On this new LP, the Warp Records mainstay continues his foray into the alternative. "Ebony Eye" is an exploration in grand soul with an orchestral break laid against vocal tones of longing. "Meteora Blues" goes into alt-rock with the kind of emotional highs and lows that match the reference to Linkin Park’s sophomore album.
Yves Tumor held an overlapping time slot with headliner Childish Gambino in 2019, reserving his set for the heads who gravitate away from the main stage. This year, he’ll likely have a more coveted and, hopefully, less conflicting, set time.
2022 was massive for the Atlanta-based rap duo EARTHGANG: They released their second album, GHETTO GODS, went out on a 30-plus date North American tour, and were set to tour Europe. Their Euro tour was postponed to 2023 — but for good reason.
The group was "bit by the creative bug," and they will have "new energy" when they’re back on the road. Coachella's desert crowd will get the first taste of this "new energy," and hopefully some new material, before EARTHGANG heads to Europe with JID this summer.
The Comet Is Coming
After being booked on Coachella’s doomed 2020 lineup, modern jazz trio The Comet Is Coming are locked in for their debut performance. Like previous jazz acts that had space at the mainstream mecca — among them, electro-swing purveyor Parov Stelar and the hip-hop heavy trio BADBADNOTGOOD — TCIC showcase a new age understanding of jazz.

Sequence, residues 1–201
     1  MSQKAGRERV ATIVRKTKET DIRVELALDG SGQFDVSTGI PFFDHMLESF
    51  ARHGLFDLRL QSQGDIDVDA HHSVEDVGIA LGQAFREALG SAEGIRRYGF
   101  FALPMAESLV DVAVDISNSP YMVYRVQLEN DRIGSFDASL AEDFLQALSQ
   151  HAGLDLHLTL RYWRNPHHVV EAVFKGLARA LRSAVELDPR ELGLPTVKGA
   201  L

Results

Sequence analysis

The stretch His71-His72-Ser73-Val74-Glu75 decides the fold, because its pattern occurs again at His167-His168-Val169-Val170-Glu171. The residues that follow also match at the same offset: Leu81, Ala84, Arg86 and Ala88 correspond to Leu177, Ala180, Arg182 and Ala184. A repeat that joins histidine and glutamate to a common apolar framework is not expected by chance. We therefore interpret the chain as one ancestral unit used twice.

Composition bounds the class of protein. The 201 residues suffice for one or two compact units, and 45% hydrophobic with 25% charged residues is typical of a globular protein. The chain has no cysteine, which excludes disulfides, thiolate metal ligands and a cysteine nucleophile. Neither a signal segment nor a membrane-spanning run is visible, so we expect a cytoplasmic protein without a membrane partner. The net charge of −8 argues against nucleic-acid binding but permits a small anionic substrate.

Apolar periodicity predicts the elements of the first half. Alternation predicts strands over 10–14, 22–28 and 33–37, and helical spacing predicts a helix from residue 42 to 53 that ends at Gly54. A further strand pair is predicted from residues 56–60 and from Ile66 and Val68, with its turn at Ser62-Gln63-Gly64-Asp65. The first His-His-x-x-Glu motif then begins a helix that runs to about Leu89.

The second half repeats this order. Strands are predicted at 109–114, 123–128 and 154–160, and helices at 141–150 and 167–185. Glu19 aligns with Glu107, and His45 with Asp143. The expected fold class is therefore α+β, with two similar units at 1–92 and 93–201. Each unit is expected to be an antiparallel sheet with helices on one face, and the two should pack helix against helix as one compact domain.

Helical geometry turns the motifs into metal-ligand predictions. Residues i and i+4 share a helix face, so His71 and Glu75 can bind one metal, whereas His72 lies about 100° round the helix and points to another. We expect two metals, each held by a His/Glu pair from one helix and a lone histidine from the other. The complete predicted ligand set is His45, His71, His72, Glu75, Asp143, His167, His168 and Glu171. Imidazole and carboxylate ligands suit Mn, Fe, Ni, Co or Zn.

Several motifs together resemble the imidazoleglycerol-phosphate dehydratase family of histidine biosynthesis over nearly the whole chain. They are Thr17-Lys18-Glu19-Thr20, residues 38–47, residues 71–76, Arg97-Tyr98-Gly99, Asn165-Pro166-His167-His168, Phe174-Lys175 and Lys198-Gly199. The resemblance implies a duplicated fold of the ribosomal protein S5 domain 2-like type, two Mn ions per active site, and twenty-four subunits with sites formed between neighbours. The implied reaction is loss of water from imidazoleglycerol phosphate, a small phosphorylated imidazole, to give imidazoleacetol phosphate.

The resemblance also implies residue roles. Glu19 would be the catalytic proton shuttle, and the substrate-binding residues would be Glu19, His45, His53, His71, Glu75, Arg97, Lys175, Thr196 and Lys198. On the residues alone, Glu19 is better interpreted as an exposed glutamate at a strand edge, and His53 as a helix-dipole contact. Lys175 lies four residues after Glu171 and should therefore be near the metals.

The three members all play specific instruments, but their titles in the band are expanded to an existential scale: Betamax the intuitionist, Shabaka the spiritual riffologist, Danalogue the studio magician. These unconventional titles feed the sound of their 2022 LP, Hyper-Dimensional Expansion Beam. Songs like "ANGEL OF DARKNESS" feature the instrumental elements for which jazz is known, but are presented over experimental soundscapes like choral cacophonies.
Coachella has long been the place for debuts. Daft Punk debuted their now-famous pyramid show in 2006; Richie Hawtin did the first-ever CLOSE show in 2017; Swedish House Mafia made their return to the festival stage after a five-year hiatus at Coachella 2022. In 2023, Alison Wonderland will make her festival debut as Whyte Fang.
Though Alison Wonderland (real name Alexandra Sholler) has performed as Whyte Fang twice before, her Coachella set will be the first with full-fledged festival production. The Coachella show will coincide with the release of the project’s debut album, Genesis, out on the Friday of weekend one.
Sholler’s music as Alison Wonderland is intricate in nature given her experience as a singer, producer, and multi-instrumentalist. Whyte Fang channels her widespread talent and takes it into a darker presentation. Such a shift can be heard on the album’s singles like the title track, which combines haunting pop vocals with a ghostly deep techno drop.
After rocking the house with their hybrid live-electronic band Soulwax in 2018, David and Stephen Dewaele return to Coachella as their brothers-only project, 2manydjs.